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This time, they forced a dictionary app to remove offensive words.

The first version, submitted May 13, was rejected because it crashed when run on the iPhone 3.0 OS beta. Crosby said it was fixed and resubmitted before being rejected again weeks later because it contained vulgar language, that could "be found objectionable by iPhone or iPod Touch users."

It's been established that Apple is squeamish when it comes to so-called "objectionable" content. Earlier this year an e-book app was rejected because it carried a link to "The Kama Sutra," and CNET's own David Carnoy wrote a book called "Knife Music," whose electronic version was initially rejected from the App Store for containing a scene with graphic language.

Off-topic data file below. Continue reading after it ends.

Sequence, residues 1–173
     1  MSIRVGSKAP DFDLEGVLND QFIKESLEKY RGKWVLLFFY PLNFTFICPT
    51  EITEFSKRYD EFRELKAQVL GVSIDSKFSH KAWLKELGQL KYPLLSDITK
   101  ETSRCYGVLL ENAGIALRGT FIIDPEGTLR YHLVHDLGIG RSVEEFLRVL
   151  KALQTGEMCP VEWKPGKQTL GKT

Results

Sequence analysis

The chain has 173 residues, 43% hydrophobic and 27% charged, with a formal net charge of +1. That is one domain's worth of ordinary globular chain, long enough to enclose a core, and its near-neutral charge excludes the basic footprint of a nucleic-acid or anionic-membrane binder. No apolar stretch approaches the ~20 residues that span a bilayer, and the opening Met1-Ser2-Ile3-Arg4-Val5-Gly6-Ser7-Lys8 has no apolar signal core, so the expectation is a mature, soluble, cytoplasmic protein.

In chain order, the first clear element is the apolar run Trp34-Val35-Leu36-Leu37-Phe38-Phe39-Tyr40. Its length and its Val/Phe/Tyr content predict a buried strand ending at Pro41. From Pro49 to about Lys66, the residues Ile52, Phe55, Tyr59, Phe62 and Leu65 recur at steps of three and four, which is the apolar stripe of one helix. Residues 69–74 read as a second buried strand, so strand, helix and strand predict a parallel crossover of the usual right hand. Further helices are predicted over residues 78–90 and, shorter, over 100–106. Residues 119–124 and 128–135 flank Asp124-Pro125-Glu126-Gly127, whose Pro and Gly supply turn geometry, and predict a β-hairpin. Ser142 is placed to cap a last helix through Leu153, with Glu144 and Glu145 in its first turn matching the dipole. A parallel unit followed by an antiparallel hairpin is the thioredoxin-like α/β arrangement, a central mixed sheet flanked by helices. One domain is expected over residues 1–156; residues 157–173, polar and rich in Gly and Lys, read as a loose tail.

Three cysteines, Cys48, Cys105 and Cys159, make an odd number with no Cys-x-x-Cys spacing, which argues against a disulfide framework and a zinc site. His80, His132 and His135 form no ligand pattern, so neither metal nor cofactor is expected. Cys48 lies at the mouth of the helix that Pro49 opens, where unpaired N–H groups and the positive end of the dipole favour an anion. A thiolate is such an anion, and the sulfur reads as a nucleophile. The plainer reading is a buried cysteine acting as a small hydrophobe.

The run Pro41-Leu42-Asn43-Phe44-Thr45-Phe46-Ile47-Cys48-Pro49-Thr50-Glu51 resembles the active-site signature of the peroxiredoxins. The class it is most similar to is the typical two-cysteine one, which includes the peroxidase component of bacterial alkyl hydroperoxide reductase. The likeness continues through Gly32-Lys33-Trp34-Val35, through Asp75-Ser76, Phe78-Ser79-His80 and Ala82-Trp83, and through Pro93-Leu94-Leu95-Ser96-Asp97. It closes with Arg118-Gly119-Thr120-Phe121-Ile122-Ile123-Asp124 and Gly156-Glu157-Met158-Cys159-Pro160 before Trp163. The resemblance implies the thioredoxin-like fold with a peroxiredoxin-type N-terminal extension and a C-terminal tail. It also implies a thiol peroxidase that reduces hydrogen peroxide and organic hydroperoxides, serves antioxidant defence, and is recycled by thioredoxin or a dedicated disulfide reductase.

But the Ninjawords app isn't like an e-book where you have to read the whole thing to get your money's worth. This is a dictionary, a reference guide, where one has to actually look up the word in question to see it and be possibly offended by it.

Matchstick apparently played ball and tried to remove as many offensive words as it could, according to Crosby. When it submitted the application again--this time a whole new app, thus losing its place in the approval line--it was again rebuffed because more words deemed inappropriate by App Store screeners were discovered by looking them up.

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Petter Häggholm

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